Cultural dimensions by pptfiles


									Cultural Norms

By Mr Daniel Hansson
         Important Definitions
• Culture: A shared, learned, symbolic system of
  values, beliefs and attitudes that shapes and
  influences perception and behavior
• Cultural dimension: A construct to explain and
  compare norms for a specific type of behavior in
• Social norms: Expected behaviours and
  attitudes in smaller social group
• Cultural norms: Expected behaviours and
  attitudes in a society or culture
        Important Definitions
• Emic: relates to the intrinsic values of the
  society or culture specific behavior that are
  important to its members
• Etic: relates to extrinsic (measurable)
  properties of a society that are important
  for comparison and scientific observation
     Questions for Discussion
Think of all cultures that you have had
experiences of. Think of behavior that you
think are very unique for the culture (emic).
Think of behaviors that more or less exist in
many cultures (etics)
A Study with an Emic or an Etic
• Chiao & Blizinsky (2010): Found that
  depression is more common in countries
  with high levels of individualism. In
  addition, individualism is negatively
  correlated with a high frequency of a short
  allele in the 5-htt gene
A Study with an Emic or an Etic
• Conway et al. (2005): 194 participants from Japan,
  China, Bangladesh, England and the United States
  recalled and dated specific autobiographical memories.
  A comparison between Chinese and U.S. participants
  showed that memories of Chinese subjects had more of
  a social orientation than those of American participants
  that were more events oriented to the individual. The
  study did however also demonstrate the universality of a
  phenomenon called the reminiscence bump; the
  tendency to recall more personal events from
  adolescence and early adulthood than from other lifetime
A Study with an Emic or an Etic
• In 1959, John Howard Griffin disguised
  himself into a black man in order to
  experience the "black world", i.e., the social
  milieu of southern U.S. blacks.
A Study with an Emic or an Etic
• Evans & Schamberg (2009): conducted a long term
  study of cognitive development in 195 American lower
  and middle class students. Participants were measured
  on their levels of stress, such as amount of stress
  hormones in the blood and their blood pressure between
  ages of 9 to 13. Later, at the age of 17, the researchers
  measured the participants’ working memory. Participants
  were asked to remember a sequence of items. The
  teenagers who had grown up in poverty averaged about
  8.5 items compared to middle class students who
  averaged about 9.44 items.
A Study with an Emic or an Etic
• Margaret Mead (1973): Investigated
  adolescents in Samoa, and found that they
  had gender roles similar to adults and that
  puberty was not a traumatic experience
       Studies with Emic or Etic
•   Ekman (1973)
•   Yuki (2005)
•   Cole and Scribner (1974)
•   Bond and Smith (1996)
      Hofstede’s (1973) Cultural
         Dimensions Survey
• A survey on 100.000 employees from the
  multinational company IBM from 50
  countries about morale in the workplace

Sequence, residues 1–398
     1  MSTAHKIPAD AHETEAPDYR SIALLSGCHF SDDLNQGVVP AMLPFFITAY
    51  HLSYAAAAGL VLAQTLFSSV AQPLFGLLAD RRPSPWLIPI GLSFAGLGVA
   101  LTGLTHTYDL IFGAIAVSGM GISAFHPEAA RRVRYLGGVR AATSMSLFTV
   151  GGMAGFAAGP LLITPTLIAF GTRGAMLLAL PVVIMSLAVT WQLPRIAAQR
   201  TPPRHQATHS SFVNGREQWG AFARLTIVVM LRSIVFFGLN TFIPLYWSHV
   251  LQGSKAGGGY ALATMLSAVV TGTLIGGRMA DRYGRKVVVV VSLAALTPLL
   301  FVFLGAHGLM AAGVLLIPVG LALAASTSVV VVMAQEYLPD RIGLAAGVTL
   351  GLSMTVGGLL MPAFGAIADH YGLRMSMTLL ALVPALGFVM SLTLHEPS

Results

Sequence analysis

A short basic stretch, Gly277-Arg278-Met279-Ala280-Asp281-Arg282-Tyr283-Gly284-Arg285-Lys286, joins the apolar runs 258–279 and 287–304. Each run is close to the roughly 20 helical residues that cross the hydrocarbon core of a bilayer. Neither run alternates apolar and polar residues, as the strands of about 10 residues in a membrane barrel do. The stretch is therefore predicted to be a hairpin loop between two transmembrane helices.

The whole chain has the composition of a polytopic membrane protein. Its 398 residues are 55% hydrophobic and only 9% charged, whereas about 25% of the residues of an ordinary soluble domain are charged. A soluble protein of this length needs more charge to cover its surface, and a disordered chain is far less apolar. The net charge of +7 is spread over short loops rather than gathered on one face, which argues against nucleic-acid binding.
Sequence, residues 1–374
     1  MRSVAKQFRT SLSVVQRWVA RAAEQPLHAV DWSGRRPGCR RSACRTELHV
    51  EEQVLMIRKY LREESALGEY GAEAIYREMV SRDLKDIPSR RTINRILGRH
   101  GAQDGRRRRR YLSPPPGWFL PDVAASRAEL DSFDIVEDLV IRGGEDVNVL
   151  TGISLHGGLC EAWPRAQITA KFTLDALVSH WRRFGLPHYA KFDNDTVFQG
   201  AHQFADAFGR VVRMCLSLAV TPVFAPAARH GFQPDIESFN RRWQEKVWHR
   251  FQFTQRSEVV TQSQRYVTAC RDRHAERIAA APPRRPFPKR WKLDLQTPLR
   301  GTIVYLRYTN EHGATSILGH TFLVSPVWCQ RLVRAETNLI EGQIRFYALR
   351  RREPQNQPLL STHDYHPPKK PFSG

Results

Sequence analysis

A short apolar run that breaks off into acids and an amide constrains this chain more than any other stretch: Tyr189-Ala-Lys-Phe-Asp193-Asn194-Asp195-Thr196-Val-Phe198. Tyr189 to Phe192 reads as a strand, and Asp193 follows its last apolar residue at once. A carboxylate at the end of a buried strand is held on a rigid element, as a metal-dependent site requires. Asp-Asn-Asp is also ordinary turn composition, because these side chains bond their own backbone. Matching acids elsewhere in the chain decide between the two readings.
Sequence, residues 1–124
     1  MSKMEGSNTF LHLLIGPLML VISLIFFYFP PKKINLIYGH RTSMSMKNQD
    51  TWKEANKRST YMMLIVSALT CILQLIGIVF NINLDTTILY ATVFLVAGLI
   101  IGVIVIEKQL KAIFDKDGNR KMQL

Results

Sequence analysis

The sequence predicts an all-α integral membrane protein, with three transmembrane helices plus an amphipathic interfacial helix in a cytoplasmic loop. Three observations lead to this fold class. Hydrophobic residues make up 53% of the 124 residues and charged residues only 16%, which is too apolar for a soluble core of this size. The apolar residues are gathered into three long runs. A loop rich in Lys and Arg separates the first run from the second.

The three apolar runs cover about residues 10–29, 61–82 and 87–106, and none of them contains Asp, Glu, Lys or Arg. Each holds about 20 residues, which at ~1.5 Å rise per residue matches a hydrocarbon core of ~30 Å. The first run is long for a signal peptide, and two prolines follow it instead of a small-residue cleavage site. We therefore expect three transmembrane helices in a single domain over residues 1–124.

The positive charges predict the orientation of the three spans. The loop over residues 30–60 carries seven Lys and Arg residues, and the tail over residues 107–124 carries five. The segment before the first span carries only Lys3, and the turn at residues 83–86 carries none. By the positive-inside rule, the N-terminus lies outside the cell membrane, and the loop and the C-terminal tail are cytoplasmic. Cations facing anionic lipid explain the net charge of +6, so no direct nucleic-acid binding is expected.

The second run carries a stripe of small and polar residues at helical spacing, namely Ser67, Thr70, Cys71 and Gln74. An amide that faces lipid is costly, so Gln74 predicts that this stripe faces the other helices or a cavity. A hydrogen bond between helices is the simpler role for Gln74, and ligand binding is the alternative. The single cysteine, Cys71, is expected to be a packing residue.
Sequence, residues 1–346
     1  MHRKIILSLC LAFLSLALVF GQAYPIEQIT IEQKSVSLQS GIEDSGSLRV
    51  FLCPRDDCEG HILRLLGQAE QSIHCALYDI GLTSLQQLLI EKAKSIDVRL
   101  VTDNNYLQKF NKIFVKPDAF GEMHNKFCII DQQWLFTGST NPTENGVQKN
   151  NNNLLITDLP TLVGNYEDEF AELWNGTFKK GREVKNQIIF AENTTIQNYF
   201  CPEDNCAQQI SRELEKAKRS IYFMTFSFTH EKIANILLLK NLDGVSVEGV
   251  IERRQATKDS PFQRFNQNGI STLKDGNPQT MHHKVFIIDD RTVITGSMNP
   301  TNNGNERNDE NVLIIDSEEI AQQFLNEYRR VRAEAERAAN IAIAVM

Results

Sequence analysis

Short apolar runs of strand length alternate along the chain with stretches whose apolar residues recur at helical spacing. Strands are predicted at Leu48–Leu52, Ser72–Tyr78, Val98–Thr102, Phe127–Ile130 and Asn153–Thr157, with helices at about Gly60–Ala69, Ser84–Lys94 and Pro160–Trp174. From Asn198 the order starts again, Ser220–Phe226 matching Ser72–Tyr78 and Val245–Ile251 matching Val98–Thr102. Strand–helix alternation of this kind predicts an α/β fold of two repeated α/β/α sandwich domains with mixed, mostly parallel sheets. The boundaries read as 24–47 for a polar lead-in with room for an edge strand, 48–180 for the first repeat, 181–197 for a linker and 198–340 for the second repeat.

• Identified key cultural differences between
• The different trends were called

• How people define themselves and the
  relationships with others
• Individualistic cultures: Self interest
  prevails before the interest of the in group
• Collectivistic cultures: The group
  interest prevails before self interest
            Power Distance

• “The extent to which less powerful
  members of institutions and organizations
  within a culture expect and accept that
  power is distributed unequally.” –Hofstede
• Is also a measure of how cultures deal
  with inequalities
• Masculine cultures stress assertiveness,
  competition, and material success.
• Feminine cultures permit more overlapping
  social roles for the sexes, place high value
  on feminine traits, stress quality of life,
  interpersonal relationships, and concern
  for the weak.
      Uncertainty Avoidance
• Cultures strong in uncertainty avoidance
  are active, aggressive, emotional,
  compulsive, security seeking, and
• Cultures weak in uncertainty avoidance
  are contemplative, less aggressive,
  unemotional, relaxed, accepting of
  personal risks, and relatively tolerant
Long term-short/term orientation
• Also called confucian dynamism because it measured
  Confucian values of perseverance, patience, social
  hierarchy, thrift, and a sense of shame
• Is a measure of the time orientation of a culture
• Long-term orientation encourages thrift, savings,
  perseverance toward results, and a willingness to
  subordinate oneself for a purpose.
• Short-term orientation is consistent with spending to
  keep up with social pressure, less savings, preference
  for quick results, and a concern with face
     Questions for Discussion
Relate to the cultural dimensions when answering
   these questions
1. Imagine that you are starting a company in
   Guatemala with Guatemalan employees. What
   do you need to be aware of and how should
   you treat the employees?
2. How would you have to act in order to be
   adapted to Japanese society in terms of
   values, behavior?
3. What cultural differences may cause conflict in
   a relationship between an American and a
   South African?
        Strengths, Hofstede
• The study has been replicated six times.
  Last time 2005
• A large sample from many countries
• Usefulness – to understand cultural
  differences in work ethics and behaviour,
  to compare cultures
      Weaknesses, Hofstede
• Use of self report (validity problems)
• Generalisability problem: only IBM
  employees, only certain countries
• Generalisation/stereotyping risk: there are
  large individual differences within cultures,
  as well as subcultures within a culture
• Culture is non-static and ever-changing

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